Author Jason Rhodes

Review: Ashwin Desai, Reading Revolution: Shakespeare on Robben Island

A Tribute, and a Call to Action

Reading Revolution: Shakespeare on Robben Island, by Ashwin Desai is a slender volume that contains a gigantic book. Time seems to bend, slow down, expand and contract as we read it, as the eons of suffering packed into decades spent imprisoned on Robben Island are confronted by an individual and collective will to knowledge, dignity and resistance, and as the time of individual biography is swallowed up by world-historic time. It is here that the book is most bittersweet, as the fruits of the prisoners’ passionate commitment to liberatory education profoundly enrich the post-prison lives of the Robben Islanders profiled here, but against the backdrop of a post-apartheid neoliberal state run by their former comrades on the island, who see themselves as hemmed in by global forces beyond their control.

Desai wants us to read Reading Revolution “not only as an act of historical memory but also as a critical examination of the past as a means of responding to challenges in the present. Not to be imprisoned by history but to make it.”[1] As the freedom fighters profiled here so profoundly illustrate with their subversive readings of Shakespeare, the act of reading is a transformative process that works upon both reader and text. As such, the appropriate question regarding Reading Revolution probably isn’t what its revolutionary message is, but rather what revolutionary discoveries lie in store for us if we explore even a few of the myriad paths and possibilities encountered on our individual journeys through the text. Our individual readings can coalesce into collective action through critical dialogues about the text, and our experience reading it, that actively seek common ground for action on the basis of challenges and possibilities encountered while reading.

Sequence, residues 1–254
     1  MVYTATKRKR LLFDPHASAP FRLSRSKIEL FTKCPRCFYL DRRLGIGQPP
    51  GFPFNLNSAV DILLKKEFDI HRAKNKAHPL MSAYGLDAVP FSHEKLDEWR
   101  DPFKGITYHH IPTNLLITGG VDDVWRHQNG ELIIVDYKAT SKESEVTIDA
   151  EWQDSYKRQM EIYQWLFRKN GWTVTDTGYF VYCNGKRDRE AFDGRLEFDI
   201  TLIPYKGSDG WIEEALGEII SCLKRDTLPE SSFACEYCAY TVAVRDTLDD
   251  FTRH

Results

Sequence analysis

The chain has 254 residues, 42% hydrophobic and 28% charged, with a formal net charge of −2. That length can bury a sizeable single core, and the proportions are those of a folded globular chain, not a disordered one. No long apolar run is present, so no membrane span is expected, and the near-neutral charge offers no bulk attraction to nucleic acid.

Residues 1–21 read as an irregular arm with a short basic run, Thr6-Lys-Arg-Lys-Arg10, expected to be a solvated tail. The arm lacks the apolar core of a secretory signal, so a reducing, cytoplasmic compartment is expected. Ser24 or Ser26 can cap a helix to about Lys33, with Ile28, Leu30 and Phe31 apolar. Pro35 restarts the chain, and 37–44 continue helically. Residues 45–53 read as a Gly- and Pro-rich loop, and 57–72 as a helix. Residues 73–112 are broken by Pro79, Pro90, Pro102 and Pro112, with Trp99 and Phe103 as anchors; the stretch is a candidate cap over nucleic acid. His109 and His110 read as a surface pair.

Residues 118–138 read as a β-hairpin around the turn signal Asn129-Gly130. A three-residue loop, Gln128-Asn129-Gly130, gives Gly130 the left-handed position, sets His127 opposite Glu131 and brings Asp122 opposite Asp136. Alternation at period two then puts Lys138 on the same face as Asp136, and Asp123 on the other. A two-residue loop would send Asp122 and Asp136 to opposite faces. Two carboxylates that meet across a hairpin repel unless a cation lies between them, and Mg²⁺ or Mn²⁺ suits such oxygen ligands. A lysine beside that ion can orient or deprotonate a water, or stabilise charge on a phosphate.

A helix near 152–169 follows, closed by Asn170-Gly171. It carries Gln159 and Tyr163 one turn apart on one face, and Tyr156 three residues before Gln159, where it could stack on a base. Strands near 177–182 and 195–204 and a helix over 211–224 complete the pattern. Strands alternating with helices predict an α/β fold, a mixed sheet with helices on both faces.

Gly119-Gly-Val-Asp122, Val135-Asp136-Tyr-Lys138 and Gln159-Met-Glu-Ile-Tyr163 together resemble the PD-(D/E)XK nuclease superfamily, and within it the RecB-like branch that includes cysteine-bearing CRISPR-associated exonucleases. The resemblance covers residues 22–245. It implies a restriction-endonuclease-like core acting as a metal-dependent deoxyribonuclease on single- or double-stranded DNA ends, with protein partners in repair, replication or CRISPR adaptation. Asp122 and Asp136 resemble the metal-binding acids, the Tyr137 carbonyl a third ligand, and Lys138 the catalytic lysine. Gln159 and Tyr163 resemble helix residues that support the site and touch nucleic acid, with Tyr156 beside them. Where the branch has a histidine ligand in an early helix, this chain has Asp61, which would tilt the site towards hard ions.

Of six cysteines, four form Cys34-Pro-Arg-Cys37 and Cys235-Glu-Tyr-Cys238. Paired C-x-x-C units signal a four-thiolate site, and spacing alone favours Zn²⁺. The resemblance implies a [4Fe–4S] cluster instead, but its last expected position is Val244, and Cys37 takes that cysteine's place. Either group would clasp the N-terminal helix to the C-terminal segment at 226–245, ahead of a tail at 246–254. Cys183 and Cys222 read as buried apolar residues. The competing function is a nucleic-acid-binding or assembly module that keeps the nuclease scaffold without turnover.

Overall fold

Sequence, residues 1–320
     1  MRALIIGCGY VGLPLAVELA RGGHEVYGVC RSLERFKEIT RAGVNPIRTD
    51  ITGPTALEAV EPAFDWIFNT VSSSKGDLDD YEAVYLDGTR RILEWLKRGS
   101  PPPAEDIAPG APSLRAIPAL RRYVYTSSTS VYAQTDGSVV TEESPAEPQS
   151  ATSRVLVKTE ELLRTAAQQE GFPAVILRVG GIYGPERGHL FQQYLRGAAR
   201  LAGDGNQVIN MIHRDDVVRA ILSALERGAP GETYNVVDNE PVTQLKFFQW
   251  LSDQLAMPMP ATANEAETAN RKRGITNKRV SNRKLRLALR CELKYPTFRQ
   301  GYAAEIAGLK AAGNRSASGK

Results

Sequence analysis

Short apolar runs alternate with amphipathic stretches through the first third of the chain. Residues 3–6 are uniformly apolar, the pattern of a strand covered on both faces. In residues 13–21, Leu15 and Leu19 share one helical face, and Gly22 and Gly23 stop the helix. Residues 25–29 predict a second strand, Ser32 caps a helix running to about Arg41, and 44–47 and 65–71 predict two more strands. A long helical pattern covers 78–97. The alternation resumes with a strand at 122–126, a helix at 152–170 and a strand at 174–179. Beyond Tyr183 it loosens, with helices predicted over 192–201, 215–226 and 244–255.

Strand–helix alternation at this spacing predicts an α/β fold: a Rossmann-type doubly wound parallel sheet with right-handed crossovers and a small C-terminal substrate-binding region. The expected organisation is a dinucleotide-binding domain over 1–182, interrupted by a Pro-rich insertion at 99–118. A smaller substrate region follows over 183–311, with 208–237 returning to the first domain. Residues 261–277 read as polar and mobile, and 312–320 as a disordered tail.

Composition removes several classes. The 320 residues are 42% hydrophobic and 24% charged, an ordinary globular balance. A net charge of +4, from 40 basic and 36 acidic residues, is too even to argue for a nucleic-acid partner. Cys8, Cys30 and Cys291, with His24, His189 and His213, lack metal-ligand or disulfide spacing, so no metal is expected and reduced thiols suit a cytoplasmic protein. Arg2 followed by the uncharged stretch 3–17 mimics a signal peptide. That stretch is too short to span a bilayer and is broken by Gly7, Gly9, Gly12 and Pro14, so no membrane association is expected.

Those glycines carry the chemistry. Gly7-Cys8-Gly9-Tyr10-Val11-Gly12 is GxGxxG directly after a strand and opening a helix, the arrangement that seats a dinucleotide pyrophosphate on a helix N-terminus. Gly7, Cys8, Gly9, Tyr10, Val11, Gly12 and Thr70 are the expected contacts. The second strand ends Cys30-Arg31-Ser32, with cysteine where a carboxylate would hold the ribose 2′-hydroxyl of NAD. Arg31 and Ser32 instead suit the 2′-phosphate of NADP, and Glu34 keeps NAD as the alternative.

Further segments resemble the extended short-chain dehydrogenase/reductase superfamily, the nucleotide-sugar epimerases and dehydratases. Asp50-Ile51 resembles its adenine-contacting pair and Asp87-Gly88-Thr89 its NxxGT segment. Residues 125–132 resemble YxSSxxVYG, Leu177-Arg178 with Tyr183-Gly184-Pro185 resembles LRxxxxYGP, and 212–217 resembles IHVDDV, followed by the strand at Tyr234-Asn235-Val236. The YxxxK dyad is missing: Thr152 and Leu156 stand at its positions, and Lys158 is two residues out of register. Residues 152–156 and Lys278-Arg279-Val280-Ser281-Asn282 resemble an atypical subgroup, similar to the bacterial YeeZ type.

Reading Revolution is nothing if not a testament to the power of the printed word to transport individuals beyond the dismal confines of their immediate environments to a place in which the construction of new spaces, and the forging of new futures, can be imagined, debated, planned and realized. A crucial challenge confronted by the Robben Island prisoners, which certainly faces any meaningful attempt at anti-capitalist organizing today, was the bridging of the gap between the highly educated and the functionally illiterate among them. To me, what is most significant about the painstaking efforts with which education at all levels was systematized by the prisoners on Robben Island was that this was seen as indispensable, revolutionary work. That so many of the revolutionaries profiled here made ongoing work in education central to their post-prison activities speaks to the centrality which a program of “radical literacy” should have on the agenda of any serious, anti-capitalist left, yet the lament of former Robben Island prisoner Stone Phumelele Sizani, made in 2011, would seem to speak far beyond South Africa to the entire screen-infatuated capitalist world: “Intellectual discourse in South Africa is held back because there is no engagement, because very few people read these days, not in a manner in which you will read on Robben Island, you read and engage…Also there is no political education at all taking place now precisely because who is going to do it anyway. Who?”[2]

Sizani’s question was rhetorical, but it’s up to the reader to determine its effect, to decide whether it will add to the burden of an oppressive defeatism, or serve as a sharp-edged goad to action. At this point in my journey through this incredible book, as I stood in awe of the Robben Island prisoners’ ability to implement a comprehensive program of radical education in the face of overwhelming cruelty and unmitigated repression, the thought came to mind that a possible answer to Sizani’s question of “Who?” was, “Why not us?” As we live through our own period of mass incarceration here in the United States, surely there is a desperate need for books of all kinds in the prisons, especially those needed for revolutionary political studies and programs of basic literacy. One pathway from text to action could lead to participation in a books to prisoners project. But as I deliberately read Sizani’s question as a challenge, as a call to action, I recalled an earlier point in my journey through the book, when former Robben Island prisoner Marcus Solomon described the central place of the education of children in his current (2011) revolutionary work: